When my son was little – about 2, we went out to the Pacific coast of Washington State and stayed in a vacation house for a few days. He got to run on the beach, play with things he’d never played with, and just really, really had a good time. It was wonderful to watch. For those of you who have children, you’ll recognize this.
He was also at this stage in life where he just wanted to do everything by himself – and, for those of you who have children, you’ll recognize some of this, too.
He was a “big boy” now, and he wanted to take care of things in a “big boy” way, so when he had to go take care of some, shall we say, personal business, he wanted to do it, as he said, “all by myself”.
And so, like many parents, I waited for him to call me and tell me he was done, so I could help him finish up the paperwork, so to speak. And he didn’t call, and didn’t call, and didn’t call.
Finally I called in and asked if he was okay. I heard a strained, “I’m fine!” – and then silence. Then I heard a thump, followed by another thump.
Silence followed by thumps is never good. It seemed like it was time to go check on him, so I rushed in to see what was the matter – and in half a second I could see what had happened.
He’d been sitting on the toilet – the “grownup” toilet that everyone else used, not the little one he would normally use, and he’d been holding himself up with his hands to keep from falling in.
When he was done, wanting to be a “grownup”, he skootched himself forward until he could get off, but in doing so, left quite a bit of “evidence” on the toilet seat, the front of the toilet, and all the way up his back that he’d done so. It was clear he’d lost his balance a bit as he was trying to stand and had bumped into the wall, leaning there to hold himself up.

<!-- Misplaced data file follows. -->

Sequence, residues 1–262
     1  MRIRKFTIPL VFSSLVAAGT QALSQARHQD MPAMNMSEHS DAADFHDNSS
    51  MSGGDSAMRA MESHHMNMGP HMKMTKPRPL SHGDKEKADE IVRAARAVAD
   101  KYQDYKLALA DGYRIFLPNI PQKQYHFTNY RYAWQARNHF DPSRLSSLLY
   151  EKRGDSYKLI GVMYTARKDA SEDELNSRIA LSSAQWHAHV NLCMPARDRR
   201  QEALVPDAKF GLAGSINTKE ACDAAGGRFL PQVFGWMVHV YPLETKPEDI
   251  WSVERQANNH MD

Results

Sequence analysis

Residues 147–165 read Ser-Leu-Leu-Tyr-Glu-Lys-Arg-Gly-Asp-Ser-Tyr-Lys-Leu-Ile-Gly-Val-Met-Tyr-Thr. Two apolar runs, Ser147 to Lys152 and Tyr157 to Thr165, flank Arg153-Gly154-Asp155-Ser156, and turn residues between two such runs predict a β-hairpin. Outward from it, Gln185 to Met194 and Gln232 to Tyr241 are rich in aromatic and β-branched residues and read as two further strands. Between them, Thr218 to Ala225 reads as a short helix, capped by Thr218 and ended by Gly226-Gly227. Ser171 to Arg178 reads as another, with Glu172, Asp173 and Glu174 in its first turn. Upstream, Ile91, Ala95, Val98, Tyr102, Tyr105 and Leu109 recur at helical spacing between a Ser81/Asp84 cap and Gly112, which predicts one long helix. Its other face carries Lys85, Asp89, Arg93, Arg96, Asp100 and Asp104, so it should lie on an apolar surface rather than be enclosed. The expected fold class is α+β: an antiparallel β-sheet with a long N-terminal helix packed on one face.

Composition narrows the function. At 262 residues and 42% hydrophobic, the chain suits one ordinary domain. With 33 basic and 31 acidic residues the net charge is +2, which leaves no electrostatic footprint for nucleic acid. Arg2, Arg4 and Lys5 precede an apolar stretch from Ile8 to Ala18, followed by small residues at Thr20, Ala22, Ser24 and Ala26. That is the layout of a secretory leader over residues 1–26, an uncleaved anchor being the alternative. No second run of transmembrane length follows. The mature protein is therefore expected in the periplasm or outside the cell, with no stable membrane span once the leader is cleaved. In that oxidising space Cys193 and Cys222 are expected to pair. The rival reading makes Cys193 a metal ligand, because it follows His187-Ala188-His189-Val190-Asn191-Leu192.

The, um, evidence was there, too.
He was standing there in the middle of the bathroom, ‘pullups’ down around his feet, surveying the scene when I rushed in and saw the whole thing. I could clearly see what had happened based on what I just described, but instinctively wanting to confirm it, I blurted out, “Michael! What happened?!”
His answer was priceless…
“Well, Papa. Sometimes… things go wrong.”
There it was, plain and simple. “Sometimes, things go wrong.”
Despite the best of intentions, despite the best will in the world, as he said, “Sometimes, things go wrong.”
People make mistakes, or don’t live up to our expectations.
Things go wrong.
Things break, or don’t work like we expect.
Things go wrong.
No matter what we do in life…
Things go wrong.
So how do you handle it when they do?
And, when you have a simple acknowledgement of the fact up front, how on earth can you be angry?
How do you – at work or at home – handle it when things go wrong?
What, if you were faced with that situation I mentioned, would be the most important thing?
Seems like they’d be like this, in order:
- Clean up Michael (as in: clean up the source of the – we’ll call it “evidence”)
- Clean up the toilet seat (as in: make sure things are functional again)
- Clean up the wall (as in: take care of any – we’ll call it ‘collateral damage’ here)
- This one’s incredibly important: Remember: sometimes, THINGS GO WRONG – equipment breaks or wears out, code for our computers has bugs in it, and humans, both personally and professionally, are not perfect.
Yelling at my son about making a mess he already told me he didn’t mean to make wasn’t going to solve anything.
Managers yelling at employees when things go wrong generally don’t have much of a good result either, nor, often, does yelling in personal situations.